Disaster preparedness: Getting ready for Florence

September 24, 2018

By Matthew E. Milliken
Sept. 24, 2018

As mentioned in my previous post, Hurricane Florence largely spared the Research Triangle. But up until Tuesday, Sept. 18 (if memory serves), the projected track showed the storm heading directly for our area. I was determined to be ready for it.

In the very early hours of Monday the 17th, near the end of my drive home from an evening of playing free poker, I diverted to a Durham gas station at the corner of Main and Ninth streets. After filling my tank, I went to a nearby 24-hour supermarket so I could stock up on fruit and canned soup. If the storm hit my city hard, I’d have enough gas to travel a few hundred miles and enough food to eat for several days.

There was more to be done to prepare for trouble. I always keep some large bottles of water in my refrigerator, but I filled additional containers to be on the safe side. (Most emergency preparedness guides recommend having one gallon of water per person per day.)

I took a number of steps to guard against a possible power outage. For one thing, I made extra batches of pasta and rice that I stashed in my refrigerator. I tried to keep my main phone charged. My rarely used hand-me-down iPad got topped off. I also took my old iPhone from my car and made sure that it and its battery case were at full capacity. My emergency jump starter, which is also capable of powering other electronic devices, got the same treatment.

I have a flashlight, a headlamp and a lantern in my house, none of which were functioning. I lacked the AA batteries that the first and last of those required to function, but I had fresh AAA batteries on hand. Once the headlamp was ready to go, I put it beside my bed.

I don’t usually have ice in my freezer, but I filled two trays with water, put the resulting ice in a container and then refilled the trays. I also stuck some water-filled containers in there as well. If the electricity failed, or if I had to evacuate, the ice would help cool my food for a while; afterward, of course, I’d be able to consume the meltwater or use it for cleaning.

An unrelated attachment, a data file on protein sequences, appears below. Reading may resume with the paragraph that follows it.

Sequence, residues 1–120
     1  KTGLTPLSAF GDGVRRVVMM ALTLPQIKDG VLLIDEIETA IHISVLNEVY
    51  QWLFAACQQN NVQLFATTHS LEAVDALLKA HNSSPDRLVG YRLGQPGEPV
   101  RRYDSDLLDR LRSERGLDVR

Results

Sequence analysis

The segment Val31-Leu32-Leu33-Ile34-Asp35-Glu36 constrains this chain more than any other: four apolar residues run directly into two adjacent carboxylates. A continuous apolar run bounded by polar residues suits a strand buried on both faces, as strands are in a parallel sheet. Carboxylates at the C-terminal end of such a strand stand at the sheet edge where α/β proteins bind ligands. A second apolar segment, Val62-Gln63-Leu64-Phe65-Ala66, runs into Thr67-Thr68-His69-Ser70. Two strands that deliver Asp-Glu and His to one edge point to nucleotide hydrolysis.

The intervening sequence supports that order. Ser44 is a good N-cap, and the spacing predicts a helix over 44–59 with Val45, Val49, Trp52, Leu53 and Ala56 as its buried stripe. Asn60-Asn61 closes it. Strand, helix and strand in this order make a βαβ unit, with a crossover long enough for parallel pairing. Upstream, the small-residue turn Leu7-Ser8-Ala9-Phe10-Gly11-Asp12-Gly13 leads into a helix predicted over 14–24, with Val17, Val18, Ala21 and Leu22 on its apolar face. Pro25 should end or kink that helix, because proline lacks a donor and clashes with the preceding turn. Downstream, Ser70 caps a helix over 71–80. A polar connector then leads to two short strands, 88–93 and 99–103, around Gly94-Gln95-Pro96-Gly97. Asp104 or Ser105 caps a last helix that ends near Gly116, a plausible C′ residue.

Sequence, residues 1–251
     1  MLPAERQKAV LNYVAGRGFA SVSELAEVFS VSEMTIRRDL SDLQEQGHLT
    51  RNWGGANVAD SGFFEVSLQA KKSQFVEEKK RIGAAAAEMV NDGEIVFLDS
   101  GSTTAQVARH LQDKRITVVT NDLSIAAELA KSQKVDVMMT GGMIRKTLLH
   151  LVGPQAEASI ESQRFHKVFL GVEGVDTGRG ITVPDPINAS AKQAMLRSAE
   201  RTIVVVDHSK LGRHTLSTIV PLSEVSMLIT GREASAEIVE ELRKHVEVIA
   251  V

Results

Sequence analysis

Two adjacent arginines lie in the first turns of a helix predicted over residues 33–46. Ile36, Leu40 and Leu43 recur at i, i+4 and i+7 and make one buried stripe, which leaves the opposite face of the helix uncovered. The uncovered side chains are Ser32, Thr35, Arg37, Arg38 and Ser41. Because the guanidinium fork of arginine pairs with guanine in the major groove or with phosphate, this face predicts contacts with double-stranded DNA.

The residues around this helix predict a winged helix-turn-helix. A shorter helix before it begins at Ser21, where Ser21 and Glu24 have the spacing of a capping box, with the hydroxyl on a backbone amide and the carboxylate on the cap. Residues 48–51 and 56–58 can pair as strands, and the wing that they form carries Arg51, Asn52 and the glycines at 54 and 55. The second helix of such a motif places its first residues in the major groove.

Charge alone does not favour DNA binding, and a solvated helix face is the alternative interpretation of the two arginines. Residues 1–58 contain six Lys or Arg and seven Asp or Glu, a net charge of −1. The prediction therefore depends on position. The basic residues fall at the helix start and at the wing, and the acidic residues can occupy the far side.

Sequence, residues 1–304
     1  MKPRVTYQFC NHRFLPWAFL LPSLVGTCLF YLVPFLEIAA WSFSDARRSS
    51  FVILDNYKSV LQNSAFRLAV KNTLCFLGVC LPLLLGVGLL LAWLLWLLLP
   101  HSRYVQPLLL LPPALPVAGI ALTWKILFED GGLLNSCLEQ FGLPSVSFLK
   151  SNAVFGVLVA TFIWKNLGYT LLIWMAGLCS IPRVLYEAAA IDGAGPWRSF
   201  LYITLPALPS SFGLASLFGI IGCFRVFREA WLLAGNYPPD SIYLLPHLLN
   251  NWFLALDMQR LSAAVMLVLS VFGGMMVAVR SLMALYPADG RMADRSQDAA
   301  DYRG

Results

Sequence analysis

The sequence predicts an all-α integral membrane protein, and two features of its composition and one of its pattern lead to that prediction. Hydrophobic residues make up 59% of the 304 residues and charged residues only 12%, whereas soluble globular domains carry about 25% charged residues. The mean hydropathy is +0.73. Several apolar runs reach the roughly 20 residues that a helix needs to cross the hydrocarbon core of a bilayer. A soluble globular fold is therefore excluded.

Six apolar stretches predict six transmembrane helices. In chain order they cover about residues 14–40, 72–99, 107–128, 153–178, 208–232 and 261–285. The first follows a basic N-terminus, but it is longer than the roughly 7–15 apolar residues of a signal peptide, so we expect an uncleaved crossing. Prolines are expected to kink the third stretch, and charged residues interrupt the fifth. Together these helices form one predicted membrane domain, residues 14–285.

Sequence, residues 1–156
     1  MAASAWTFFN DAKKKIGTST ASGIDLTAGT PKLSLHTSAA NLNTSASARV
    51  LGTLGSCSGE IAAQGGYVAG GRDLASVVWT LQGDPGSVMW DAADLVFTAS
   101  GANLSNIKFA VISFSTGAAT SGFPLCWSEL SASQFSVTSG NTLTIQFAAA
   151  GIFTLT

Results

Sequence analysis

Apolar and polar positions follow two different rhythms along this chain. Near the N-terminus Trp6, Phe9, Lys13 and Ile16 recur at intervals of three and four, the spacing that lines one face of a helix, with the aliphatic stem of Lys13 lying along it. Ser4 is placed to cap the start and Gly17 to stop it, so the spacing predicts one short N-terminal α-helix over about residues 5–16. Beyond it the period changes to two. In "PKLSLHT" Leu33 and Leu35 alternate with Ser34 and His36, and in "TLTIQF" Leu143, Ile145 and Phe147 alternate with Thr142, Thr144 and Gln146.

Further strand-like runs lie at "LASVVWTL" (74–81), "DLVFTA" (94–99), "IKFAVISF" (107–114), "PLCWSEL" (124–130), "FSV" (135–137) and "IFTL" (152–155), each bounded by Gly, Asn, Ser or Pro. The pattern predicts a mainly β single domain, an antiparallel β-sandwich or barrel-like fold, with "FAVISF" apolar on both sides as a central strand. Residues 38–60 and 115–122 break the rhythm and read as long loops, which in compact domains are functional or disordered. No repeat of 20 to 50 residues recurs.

Speaking of evacuating: I packed my duffel bag with clothing and put it in the trunk of my car. A bag filled with soup, a large package of granola and some fruit also got thrown in there. Naturally, my old smart phone and emergency jump starter were also returned to my vehicle after being plugged in and restored to full power. I have a second headlamp stored in my glove compartment; when I checked it, I was happy to discover that it seemed to be working fine. That was stowed back in its usual spot.

I also swung by an ATM and withdrew a few hundred dollars. If an incident causes widespread and prolonged power outages, many area business may not be able to accept payment by credit card or check.

When I travel, I place my leather toiletry kit in my main piece of luggage. That went in my duffel bag along with important medications. So I wouldn’t have to pull stuff out of my car nightly if I didn’t have to evacuate, I picked out five days’ worth of three different pills and capsules, shrink-wrapped like with like, and tossed these little packets into an empty pill bottle in my house. (I used plastic wrap to prevent any unintentional effects caused by different kinds of medicine interacting with one another outside my body.)

It wasn’t until after Florence had swept through out of the state and dissipated that I bought additional AA batteries. I got the lantern functioning, but I wasn’t able to figure out how to unscrew the flashlight’s battery compartment. I guess that’s still on my “to do” list.

As previously stated, the storm didn’t cause much havoc in the Triangle. But that’s not to say that the system passed entirely without drama. I’ll get into that in a future post.


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